Thank you for this interview, (name of character). Will we be seeing more of you in the future?

Yes. I just saw the plot and I still have to share the attention with that little boy. You’d think that a writer could write a story about a dragon having adventures instead of a little boy. I’m older. I’ve been out in the world more. I know lots of things he’ll never know, but I didn’t know about Christmas. What is it for?


Anne K. Edwards resides on a farm with her husband and a bunch of cats who rule the roost.  When she’s not arguing with them about using the computer, she is dancing attendance on their demands. Anne enjoys reading, meeting new people,

About your book with purchase link:

Interview with Diana Sims, author of Forever King: Surviving the Loss of My Unborn Child

As a self-publishing author, Diana Sims has felt compelled to share her journey regarding the loss of her son, and the miracle that took place after his passing. She simply wants to let other women, who have lost children, know that there is still light at the end of the tunnel.

Aimed primarily at all mothers ranging from teenagers to the older women, Forever King: Surviving the Loss of My Unborn Child particularly addresses those who have lost a child, no matter the circumstance.

Diana is committed to humanitarian services whether in her field or position. She worked for many years helping customers keep their homes from foreclosure during the economic fall in 2008. Currently, she is assisting physicians and patients as a Patient Liaison. Diana is a California native and resides in Southern California with her loving husband Cory Sims, and three handsome Kings in training: Isaiah, Solomon, and Anthony Sims.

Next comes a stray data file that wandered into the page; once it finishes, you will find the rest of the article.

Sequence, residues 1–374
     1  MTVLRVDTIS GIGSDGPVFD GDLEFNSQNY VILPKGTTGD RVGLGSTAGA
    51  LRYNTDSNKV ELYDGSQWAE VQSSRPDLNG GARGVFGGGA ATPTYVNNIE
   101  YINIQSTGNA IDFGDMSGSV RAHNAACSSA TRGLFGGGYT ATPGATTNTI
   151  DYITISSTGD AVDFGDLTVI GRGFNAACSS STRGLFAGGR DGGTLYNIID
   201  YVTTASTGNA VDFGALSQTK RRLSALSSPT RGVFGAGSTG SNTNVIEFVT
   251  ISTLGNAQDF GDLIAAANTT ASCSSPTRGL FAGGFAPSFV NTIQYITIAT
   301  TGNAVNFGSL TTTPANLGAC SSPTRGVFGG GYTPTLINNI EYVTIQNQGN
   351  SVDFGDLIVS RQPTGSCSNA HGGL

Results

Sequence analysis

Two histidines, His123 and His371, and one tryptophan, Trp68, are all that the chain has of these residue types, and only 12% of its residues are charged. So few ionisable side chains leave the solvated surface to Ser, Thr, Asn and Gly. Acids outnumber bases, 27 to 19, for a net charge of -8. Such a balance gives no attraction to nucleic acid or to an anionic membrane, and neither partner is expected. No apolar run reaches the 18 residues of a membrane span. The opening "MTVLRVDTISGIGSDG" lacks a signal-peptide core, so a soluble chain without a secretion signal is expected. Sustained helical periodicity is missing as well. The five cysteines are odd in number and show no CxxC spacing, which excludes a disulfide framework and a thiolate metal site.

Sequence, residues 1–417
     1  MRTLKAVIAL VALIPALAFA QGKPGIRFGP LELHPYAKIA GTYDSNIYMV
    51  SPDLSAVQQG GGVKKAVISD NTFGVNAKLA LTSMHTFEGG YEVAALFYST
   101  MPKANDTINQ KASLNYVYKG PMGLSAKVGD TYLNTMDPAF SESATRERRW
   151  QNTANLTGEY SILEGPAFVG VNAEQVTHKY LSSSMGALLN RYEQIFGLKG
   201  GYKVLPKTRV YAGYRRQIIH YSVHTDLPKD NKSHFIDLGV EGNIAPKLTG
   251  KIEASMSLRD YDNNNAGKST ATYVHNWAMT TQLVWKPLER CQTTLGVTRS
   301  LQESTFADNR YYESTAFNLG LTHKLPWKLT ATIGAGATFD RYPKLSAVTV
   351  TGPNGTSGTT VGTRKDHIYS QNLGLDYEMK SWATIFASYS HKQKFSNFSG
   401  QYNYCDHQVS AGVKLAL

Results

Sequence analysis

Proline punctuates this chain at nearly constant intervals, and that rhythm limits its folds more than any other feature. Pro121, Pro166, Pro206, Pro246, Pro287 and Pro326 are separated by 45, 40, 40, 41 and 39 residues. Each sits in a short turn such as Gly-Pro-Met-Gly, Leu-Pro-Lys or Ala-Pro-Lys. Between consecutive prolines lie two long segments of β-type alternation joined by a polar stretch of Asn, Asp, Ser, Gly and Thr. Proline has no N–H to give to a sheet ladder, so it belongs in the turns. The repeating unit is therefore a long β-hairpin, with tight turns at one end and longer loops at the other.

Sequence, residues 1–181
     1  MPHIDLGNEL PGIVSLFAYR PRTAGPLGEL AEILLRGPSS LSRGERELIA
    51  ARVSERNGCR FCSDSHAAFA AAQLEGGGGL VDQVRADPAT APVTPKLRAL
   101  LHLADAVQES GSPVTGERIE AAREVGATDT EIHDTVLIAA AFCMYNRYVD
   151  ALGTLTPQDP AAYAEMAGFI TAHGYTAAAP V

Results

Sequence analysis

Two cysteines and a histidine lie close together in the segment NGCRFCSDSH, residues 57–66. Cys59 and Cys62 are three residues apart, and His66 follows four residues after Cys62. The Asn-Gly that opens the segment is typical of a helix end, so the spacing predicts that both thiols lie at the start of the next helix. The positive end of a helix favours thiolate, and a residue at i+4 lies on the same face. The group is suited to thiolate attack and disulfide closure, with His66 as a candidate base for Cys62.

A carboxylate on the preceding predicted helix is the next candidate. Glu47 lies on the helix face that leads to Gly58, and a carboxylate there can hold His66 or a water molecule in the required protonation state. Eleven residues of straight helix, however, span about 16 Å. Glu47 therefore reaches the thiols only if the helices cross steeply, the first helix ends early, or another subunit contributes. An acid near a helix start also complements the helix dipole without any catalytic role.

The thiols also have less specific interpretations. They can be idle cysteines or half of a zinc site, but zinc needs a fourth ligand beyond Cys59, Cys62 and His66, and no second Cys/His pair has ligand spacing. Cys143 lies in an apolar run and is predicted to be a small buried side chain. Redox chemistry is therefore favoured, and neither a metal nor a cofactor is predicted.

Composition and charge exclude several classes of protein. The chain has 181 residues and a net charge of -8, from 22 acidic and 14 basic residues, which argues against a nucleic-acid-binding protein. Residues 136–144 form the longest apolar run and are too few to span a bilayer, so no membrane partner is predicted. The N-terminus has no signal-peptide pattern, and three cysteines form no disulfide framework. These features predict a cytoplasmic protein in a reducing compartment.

About the Book:

Author: Diana Sims
Publisher: Forever King Publishing
Pages: 78
Genre: Inspirational/Self-Help

Sims life has been one of a survivor… a survivor of grief and distraught after having lost a child. Today, she is using the journey, to help other women, who have had similar experience of losing a child, whether through early pregnancy, miscarriage or stillbirth, to have hope.

Watch the book trailer at YouTube.


Amazon | Barnes & Noble

Q: Welcome to Beyond the Books, Diana.  Can we start out by telling us whether you are published for the first time or are you multi-published?